Cohabitation Agreements

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I am in a serious, committed relationship and have been living with my partner for 5 years now. I am uncertain if we will ever marry because neither one of us really believe it’s something that we want. Friends of ours were asking us if we had ever thought about a cohabitation agreement given our living situation. We had never heard of such an agreement, what is it all about?

Many couples today choose to live together in long-term and committed relationships without marrying. What some couples do not understand is that the law treats married and unmarried, or common-law, spouses very differently. It is important to understand these differences and how they will affect a person’s rights to property, support payments or a partner’s estate.

Some key things to remember: in Ontario, property is not automatically divided between unmarried couples if a relationship ends; unmarried spouses may have a spousal support obligation, but only if they have a child together or if they have been living together for at least three years; and only married spouses automatically have a right to share in a spouse’s estate if that spouse dies without a will, no matter how long a couple has been in a relationship or whether they have children together.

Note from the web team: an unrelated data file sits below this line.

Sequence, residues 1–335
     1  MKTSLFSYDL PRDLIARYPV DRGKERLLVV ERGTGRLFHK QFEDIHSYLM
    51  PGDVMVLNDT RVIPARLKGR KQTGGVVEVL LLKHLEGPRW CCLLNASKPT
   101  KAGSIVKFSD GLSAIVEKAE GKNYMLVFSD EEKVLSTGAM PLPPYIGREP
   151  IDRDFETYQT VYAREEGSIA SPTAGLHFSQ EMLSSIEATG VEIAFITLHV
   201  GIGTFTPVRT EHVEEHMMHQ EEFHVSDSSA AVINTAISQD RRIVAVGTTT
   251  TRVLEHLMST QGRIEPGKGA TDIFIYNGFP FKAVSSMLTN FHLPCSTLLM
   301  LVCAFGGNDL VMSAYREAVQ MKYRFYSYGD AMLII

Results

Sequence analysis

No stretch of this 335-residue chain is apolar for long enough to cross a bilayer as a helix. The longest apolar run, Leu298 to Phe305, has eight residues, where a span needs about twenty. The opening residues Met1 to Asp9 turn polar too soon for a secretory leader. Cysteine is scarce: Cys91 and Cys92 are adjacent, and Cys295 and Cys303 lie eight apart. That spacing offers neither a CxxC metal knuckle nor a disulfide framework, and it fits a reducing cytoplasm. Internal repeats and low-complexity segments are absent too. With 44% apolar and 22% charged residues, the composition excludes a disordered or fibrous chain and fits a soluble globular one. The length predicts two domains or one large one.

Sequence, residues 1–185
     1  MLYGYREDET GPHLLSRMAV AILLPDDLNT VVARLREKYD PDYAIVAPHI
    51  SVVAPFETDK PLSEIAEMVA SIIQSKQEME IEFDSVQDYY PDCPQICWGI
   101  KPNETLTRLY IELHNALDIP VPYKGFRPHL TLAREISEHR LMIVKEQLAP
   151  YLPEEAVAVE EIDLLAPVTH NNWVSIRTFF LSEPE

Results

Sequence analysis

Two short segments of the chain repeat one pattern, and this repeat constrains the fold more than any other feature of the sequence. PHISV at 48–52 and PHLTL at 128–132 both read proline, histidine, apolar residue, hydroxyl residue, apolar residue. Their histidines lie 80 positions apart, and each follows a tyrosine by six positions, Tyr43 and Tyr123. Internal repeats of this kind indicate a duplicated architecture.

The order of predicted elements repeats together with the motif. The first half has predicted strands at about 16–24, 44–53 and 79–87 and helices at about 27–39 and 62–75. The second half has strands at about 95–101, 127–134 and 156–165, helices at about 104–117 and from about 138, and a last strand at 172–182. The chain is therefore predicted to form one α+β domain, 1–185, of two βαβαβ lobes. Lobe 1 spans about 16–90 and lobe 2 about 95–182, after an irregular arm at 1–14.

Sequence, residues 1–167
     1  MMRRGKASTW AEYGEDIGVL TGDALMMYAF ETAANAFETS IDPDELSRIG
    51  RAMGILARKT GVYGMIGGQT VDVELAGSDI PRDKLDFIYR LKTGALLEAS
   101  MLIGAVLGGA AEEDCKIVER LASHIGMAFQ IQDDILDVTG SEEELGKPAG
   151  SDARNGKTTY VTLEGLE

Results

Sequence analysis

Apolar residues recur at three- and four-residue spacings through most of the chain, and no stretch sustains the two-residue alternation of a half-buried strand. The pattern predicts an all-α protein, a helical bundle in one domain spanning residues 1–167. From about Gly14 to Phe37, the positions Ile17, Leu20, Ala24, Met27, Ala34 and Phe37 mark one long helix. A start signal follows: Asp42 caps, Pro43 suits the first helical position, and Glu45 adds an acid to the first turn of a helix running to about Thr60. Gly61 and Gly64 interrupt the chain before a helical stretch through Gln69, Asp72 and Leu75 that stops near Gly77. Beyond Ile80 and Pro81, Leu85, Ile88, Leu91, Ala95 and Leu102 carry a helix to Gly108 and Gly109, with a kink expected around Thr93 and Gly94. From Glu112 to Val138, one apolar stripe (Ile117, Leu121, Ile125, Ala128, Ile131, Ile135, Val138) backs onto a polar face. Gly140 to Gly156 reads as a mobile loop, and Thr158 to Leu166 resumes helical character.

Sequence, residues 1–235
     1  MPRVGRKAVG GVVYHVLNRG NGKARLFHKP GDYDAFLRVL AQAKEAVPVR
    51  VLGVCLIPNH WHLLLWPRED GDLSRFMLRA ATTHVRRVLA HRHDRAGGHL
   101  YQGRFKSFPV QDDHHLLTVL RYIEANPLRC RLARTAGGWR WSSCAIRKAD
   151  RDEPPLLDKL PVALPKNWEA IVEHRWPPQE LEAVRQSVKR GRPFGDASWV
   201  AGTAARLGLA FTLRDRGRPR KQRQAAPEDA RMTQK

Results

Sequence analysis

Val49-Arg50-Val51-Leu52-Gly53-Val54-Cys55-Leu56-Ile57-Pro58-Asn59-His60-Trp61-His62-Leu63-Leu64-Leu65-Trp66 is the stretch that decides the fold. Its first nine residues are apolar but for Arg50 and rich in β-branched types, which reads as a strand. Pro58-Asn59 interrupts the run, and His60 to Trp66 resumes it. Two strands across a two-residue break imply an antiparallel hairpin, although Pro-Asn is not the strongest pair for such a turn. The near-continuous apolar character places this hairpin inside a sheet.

In order to protect yourself and your partner, unmarried couples are permitted to negotiate a contract–a cohabitation agreement–that lets them agree on certain rights and obligations in the relationship. A cohabitation agreement gives couples a great opportunity to carefully consider each other’s financial situation now and in the future, and decide together how they wish to share property, pay (or not pay) support to a partner in the event of a break-up, and what happens to the estate upon the death of a partner.

It is important to plan ahead, be aware of your rights, and know what will happen if a relationship ends by choice or in the event of a death. The good news is that it’s never too late to draft a cohabitation agreement, whether you are considering moving in together, or whether you have been living together for a short or long period already. Many couples worry that having a conversation about a cohabitation agreement will be difficult and distasteful, but having these discussions now can lead to thoughtful and caring discussions about the future.

It is also important to remember that in order to have legal effect, these agreements need to have clear terms that are understood by, and achieve the intentions of, each person. This is why it is critical to have a qualified family lawyer assist in the preparation of a cohabitation agreement.